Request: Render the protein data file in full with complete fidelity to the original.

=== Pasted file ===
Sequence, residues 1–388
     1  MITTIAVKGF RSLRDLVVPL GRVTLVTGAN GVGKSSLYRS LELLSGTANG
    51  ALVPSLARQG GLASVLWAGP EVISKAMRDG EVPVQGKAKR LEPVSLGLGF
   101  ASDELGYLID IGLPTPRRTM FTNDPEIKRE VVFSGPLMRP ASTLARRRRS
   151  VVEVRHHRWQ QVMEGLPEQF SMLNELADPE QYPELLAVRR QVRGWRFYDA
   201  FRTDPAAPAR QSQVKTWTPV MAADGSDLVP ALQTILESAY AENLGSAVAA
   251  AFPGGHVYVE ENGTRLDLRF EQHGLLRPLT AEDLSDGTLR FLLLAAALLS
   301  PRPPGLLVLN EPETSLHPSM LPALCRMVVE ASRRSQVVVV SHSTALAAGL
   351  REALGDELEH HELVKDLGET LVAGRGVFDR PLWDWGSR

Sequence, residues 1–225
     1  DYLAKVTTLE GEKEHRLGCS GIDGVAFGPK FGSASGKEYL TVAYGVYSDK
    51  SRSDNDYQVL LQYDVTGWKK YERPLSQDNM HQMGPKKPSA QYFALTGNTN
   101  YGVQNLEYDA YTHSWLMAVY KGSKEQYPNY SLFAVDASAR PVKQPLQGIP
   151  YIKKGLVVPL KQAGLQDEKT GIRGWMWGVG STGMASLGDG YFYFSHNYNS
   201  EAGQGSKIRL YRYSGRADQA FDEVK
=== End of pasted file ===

Sequence, residues 1–388
     1  MITTIAVKGF RSLRDLVVPL GRVTLVTGAN GVGKSSLYRS LELLSGTANG
    51  ALVPSLARQG GLASVLWAGP EVISKAMRDG EVPVQGKAKR LEPVSLGLGF
   101  ASDELGYLID IGLPTPRRTM FTNDPEIKRE VVFSGPLMRP ASTLARRRRS
   151  VVEVRHHRWQ QVMEGLPEQF SMLNELADPE QYPELLAVRR QVRGWRFYDA
   201  FRTDPAAPAR QSQVKTWTPV MAADGSDLVP ALQTILESAY AENLGSAVAA
   251  AFPGGHVYVE ENGTRLDLRF EQHGLLRPLT AEDLSDGTLR FLLLAAALLS
   301  PRPPGLLVLN EPETSLHPSM LPALCRMVVE ASRRSQVVVV SHSTALAAGL
   351  REALGDELEH HELVKDLGET LVAGRGVFDR PLWDWGSR

Sequence, residues 1–225
     1  DYLAKVTTLE GEKEHRLGCS GIDGVAFGPK FGSASGKEYL TVAYGVYSDK
    51  SRSDNDYQVL LQYDVTGWKK YERPLSQDNM HQMGPKKPSA QYFALTGNTN
   101  YGVQNLEYDA YTHSWLMAVY KGSKEQYPNY SLFAVDASAR PVKQPLQGIP
   151  YIKKGLVVPL KQAGLQDEKT GIRGWMWGVG STGMASLGDG YFYFSHNYNS
   201  EAGQGSKIRL YRYSGRADQA FDEVK